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Cultural variety in the Christian Orient: Christian Arabic Language and Literature in the Middle Ages

Final Report Summary - COCALLMA (Cultural variety in the Christian Orient: Christian Arabic Language and Literature in the Middle Ages)

During the last year of the project (2009-2010) the beneficiary has focused his research closely on the activities inherent in the performance of the main tasks.

The main objective of the project was to prepare a new critical edition of the theological treatises by the Melkite bishop of Gaza Sulayman ibn Hasan al-Gazzi's, who lived in the tenth and eleventh centuries. To do this, the modern method of textual criticism, the so-called neo-Lachmannian, has been utilised and the language of the manuscripts, middle or mixed Arabic, has been analysed and studied. To this purpose, the work focused on the retrieval and collation of manuscripts, as well as the identification of the sources which the author has used in order to write his works.

For this reason two research missions were carried out: one in Paris and one in Syria and Lebanon. The Christian Arabic manuscripts of the BnF library in Paris were consulted, and as a result, a new and unexpected source of the al-Gazzi's treaties was found, studied and analysed. This MS. is the Parisinus Arabicus 6981. MS. Parisinus Arabicus 213 belongs to the same Christian Arabic MSS. fund. Our research has shown that this latter code contains two fragments of the famous Muslim encyclopedic collection known under the name of the Rasa'il Ihwan al-Safa' (the epistles of brethren of purity). The discovery is important because it allows us to demonstrate that these epistles were circulating in Christian milieus of the seventeenth century to which the MS is dated. Furthermore this discovery makes supports the hypothesis that I announced in my article, setting out the similarities between the Bishop of Gaza's treaty on the microcosm and the Brothers of Purity's Epistles. Ultimately it is quite conceivable to think that al-Gazzi knew the Epistles of the Brethren of Purity.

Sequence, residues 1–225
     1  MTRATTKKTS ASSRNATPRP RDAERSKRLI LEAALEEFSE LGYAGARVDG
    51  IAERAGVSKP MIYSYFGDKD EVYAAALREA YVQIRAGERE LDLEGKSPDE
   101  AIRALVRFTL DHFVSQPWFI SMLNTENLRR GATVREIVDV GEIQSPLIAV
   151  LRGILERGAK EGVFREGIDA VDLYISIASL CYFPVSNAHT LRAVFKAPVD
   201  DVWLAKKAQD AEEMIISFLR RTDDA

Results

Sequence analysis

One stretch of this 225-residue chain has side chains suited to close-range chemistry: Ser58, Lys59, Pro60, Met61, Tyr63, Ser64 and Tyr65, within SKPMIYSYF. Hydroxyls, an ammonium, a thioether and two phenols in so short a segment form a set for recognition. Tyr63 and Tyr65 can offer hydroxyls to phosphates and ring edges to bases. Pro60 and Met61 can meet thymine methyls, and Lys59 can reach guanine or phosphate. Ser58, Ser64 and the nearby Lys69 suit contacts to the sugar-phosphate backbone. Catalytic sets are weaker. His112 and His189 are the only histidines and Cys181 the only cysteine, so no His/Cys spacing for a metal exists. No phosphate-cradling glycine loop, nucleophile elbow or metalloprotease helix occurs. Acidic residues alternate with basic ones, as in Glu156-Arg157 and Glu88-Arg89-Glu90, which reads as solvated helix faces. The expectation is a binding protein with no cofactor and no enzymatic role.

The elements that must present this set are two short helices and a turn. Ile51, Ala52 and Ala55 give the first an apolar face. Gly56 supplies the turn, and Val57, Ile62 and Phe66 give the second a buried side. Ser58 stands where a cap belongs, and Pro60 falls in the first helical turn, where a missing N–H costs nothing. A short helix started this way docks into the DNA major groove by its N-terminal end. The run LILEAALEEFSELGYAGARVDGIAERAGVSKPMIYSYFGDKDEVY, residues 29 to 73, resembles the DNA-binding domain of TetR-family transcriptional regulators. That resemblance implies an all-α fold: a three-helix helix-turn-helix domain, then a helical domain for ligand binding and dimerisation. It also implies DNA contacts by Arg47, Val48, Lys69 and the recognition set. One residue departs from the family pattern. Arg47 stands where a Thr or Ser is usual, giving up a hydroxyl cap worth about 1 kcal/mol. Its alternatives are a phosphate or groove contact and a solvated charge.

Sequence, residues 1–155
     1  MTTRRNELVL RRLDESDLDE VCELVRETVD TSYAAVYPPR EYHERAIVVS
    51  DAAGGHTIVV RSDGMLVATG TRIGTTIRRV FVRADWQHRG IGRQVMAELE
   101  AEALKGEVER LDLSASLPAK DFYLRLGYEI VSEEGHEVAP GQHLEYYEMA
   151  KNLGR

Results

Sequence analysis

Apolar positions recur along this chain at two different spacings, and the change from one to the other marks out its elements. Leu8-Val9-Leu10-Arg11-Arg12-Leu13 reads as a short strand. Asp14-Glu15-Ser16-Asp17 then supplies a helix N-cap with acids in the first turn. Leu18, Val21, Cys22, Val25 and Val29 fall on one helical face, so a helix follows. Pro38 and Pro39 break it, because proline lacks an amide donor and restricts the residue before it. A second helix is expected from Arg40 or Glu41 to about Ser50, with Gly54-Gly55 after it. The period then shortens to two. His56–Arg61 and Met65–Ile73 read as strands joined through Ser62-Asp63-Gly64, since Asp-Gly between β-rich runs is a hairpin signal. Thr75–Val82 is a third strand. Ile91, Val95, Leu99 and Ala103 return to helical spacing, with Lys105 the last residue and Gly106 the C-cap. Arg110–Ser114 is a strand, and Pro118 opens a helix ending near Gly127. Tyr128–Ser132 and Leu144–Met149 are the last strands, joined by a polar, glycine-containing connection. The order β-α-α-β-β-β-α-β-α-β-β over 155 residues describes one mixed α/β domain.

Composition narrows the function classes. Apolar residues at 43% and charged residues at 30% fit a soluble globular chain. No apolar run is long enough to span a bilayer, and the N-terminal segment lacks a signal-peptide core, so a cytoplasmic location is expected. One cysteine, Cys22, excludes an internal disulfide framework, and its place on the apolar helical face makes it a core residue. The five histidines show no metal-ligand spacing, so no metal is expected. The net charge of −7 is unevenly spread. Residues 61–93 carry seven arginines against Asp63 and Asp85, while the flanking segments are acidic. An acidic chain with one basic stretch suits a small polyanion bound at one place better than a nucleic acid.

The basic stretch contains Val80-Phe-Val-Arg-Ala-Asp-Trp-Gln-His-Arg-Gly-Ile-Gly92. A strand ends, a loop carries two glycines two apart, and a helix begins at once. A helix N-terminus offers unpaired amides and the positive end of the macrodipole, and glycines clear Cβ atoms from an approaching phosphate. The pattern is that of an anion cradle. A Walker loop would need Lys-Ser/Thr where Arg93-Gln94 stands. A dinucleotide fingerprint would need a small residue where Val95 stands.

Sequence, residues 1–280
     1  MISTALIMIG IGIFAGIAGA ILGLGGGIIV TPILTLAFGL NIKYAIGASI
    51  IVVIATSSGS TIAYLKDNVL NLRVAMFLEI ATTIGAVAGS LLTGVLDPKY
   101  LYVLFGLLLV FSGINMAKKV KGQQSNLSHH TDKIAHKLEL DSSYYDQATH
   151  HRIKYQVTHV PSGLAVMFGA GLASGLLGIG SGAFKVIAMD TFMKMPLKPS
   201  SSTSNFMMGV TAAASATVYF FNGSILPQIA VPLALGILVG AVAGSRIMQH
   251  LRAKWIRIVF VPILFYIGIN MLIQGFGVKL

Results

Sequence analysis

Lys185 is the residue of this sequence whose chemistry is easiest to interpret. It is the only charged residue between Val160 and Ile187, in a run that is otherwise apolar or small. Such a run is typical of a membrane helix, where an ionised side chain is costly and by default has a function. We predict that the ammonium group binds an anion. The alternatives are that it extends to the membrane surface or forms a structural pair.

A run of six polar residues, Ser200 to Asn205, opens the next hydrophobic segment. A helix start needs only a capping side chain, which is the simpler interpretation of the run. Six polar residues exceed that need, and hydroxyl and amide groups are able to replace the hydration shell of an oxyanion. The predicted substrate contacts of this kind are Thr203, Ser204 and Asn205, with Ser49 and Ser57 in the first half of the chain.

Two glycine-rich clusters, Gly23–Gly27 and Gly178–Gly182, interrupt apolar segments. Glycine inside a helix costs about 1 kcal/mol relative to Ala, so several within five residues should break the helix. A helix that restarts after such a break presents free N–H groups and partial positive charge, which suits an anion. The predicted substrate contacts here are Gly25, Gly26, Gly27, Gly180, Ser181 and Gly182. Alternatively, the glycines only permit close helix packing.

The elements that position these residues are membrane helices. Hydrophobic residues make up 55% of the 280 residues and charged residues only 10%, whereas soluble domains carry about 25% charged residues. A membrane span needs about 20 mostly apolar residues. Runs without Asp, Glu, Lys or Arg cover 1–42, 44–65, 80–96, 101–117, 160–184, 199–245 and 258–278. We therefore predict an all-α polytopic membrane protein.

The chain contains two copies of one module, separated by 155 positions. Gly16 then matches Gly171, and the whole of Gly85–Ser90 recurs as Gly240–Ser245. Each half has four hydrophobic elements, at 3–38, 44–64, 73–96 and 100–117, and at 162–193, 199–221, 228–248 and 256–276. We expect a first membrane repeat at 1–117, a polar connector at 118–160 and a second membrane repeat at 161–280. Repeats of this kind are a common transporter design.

Our subsequent study of the sources, however, allowed us to ascertain that the main source that the bishop of Gaza has used was the Kitab al-Burhan (the book of the demonstration). This work, along with other theological writings of Theodore Abu Qurra and John of Damascus, has affected the production of the Palestinian Christian Arabic literature in the Middle Ages. The new edition of Sulayman al-Gazzi's theological treatises finally will allow scholars not only to better appreciate Palestinian theological thought in the Fatimid era, but also to more accurately understand how the circulation of learned literary texts in the premodern Arab world knew no confessional boundaries.

Another mission was accomplished in the summer of 2009, this time to Syria and Lebanon, with an aim of locating other manuscript sources. One was found in the monastery of Balamand in northern Lebanon near Tripoli: the MS. Balamand 135. It was not used by the previous editor of the al-Gazzi treatises. The pictures of the manuscript from the Sinai (Egypt) were obtained with the collaboration of Marco Di Bella, who has been kind enough to send it to us.

After these two last missions the beneficiary concentrated himself to prepare the edition. Another aspect to highlight is the work on the language of the manuscripts was carried out. This is called middle or mixed Arabic, because of the mixture of specific linguistic features, such as those of classical Arabic together with colloquial Arabic and hybrid Arabic forms that do not belong to either standard linguistic register. Our edition will show the linguistic features of the manuscripts. The importance of this kind of language is crucial, since it was the vehicle of transmission of knowledge within what has been labled the Orthodox Arabic Melkite Church, since the Islamic conquests (VIIth-VIIIth century) until the Arabic language reform during the period of the Arab Renaissance (Nahda) in XIXth-XXth century.

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